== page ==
The ‘Nancy Drew Mobile Mysteries’ are ‘choose your own adventure’ type text-based stories with embedded mini-games and animations. They’re published by games developers Her Interactive.
It’s an interesting question whether these will be consumed in time that might otherwise be spent reading a paper book, or in time spent playing games. More traditional games based on the Nancy Drew brand are available for PC, Wii, Nintendo DS and Mac, also published by Her Interactive. Simon and Schuster still publish the novels – which have sold more than 80 million copies since Nancy first appeared in 1930 – and Papercutz publish graphic novels featuring Nancy (and the Hardy Boys). There have also been films and TV series over the years. You can enjoy Nancy’s story in a whole range of ways.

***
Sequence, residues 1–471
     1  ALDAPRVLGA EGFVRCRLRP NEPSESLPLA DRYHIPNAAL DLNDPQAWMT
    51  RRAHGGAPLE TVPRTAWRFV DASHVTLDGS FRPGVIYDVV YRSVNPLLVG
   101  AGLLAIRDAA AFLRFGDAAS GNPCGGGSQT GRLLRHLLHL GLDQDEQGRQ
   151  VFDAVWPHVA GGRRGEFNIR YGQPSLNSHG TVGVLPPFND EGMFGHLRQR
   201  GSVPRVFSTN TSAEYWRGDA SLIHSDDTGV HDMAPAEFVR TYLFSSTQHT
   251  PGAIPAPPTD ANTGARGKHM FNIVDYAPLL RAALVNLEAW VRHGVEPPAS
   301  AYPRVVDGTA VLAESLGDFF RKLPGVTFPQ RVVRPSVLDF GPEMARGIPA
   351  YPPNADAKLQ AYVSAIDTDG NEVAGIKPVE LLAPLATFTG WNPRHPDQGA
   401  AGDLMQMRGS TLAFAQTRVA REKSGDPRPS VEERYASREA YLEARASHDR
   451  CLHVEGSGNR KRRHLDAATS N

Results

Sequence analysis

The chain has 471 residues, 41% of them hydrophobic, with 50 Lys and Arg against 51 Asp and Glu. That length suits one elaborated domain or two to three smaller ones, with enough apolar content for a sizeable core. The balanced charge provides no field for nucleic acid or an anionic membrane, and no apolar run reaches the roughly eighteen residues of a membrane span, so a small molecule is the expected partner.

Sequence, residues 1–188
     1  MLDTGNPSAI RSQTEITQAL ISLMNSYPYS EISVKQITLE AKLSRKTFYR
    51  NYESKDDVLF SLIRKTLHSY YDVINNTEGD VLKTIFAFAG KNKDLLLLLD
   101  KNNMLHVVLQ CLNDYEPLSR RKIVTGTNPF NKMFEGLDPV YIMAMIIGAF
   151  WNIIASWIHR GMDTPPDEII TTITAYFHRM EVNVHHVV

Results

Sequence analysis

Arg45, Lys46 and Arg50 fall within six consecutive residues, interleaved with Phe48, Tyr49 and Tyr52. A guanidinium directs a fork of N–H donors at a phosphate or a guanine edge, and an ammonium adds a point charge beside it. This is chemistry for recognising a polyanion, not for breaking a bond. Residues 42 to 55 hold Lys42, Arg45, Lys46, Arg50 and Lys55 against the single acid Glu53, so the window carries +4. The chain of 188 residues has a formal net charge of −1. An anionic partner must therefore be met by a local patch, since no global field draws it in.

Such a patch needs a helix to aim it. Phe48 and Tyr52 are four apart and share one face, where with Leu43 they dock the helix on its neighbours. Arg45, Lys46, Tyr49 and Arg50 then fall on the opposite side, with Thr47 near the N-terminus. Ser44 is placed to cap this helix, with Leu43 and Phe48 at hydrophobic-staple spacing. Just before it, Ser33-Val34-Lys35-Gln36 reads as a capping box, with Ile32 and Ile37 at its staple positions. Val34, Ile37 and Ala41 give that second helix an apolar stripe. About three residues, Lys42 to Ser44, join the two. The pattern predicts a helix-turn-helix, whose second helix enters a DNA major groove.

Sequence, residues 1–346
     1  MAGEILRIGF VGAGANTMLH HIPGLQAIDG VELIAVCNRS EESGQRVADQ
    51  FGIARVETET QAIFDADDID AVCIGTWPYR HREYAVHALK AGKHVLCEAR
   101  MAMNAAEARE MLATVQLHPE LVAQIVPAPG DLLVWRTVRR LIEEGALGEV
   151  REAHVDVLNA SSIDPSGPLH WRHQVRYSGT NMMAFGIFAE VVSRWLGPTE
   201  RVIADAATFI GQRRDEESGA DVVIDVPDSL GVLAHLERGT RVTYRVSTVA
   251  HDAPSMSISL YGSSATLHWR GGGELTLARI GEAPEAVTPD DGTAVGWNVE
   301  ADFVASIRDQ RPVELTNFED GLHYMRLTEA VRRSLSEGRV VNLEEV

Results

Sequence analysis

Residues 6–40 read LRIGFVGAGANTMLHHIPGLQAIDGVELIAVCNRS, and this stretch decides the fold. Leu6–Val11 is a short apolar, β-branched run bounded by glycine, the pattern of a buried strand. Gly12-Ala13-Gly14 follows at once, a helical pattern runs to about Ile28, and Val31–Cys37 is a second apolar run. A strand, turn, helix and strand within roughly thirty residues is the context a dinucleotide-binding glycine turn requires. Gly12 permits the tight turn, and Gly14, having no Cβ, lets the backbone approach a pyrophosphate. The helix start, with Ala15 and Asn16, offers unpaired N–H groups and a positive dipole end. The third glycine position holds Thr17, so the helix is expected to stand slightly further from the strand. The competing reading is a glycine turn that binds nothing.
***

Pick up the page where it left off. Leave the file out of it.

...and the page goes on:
I expect the readers won’t see reading the game-books as a replacing reading or gaming, but as something enjoyable to do. But thinking about whether it’s a reading-time or games-time activity should help publishers work out what their consumers expectations are, where and how the products ought to be sold, and crucially how the consumers are prepared to concentrate and interact with what’s in front of them.
Whether a game-book shows or tells, whether it suggests interaction is possible or takes readers for a linear ride, and whether this happens consistently throughout the story; creative decisions like these should be guided by what is meaningful experience for the reader at the time they’ve chosen to read or play. How we experience reading or playing is of course something that is open to change all the time.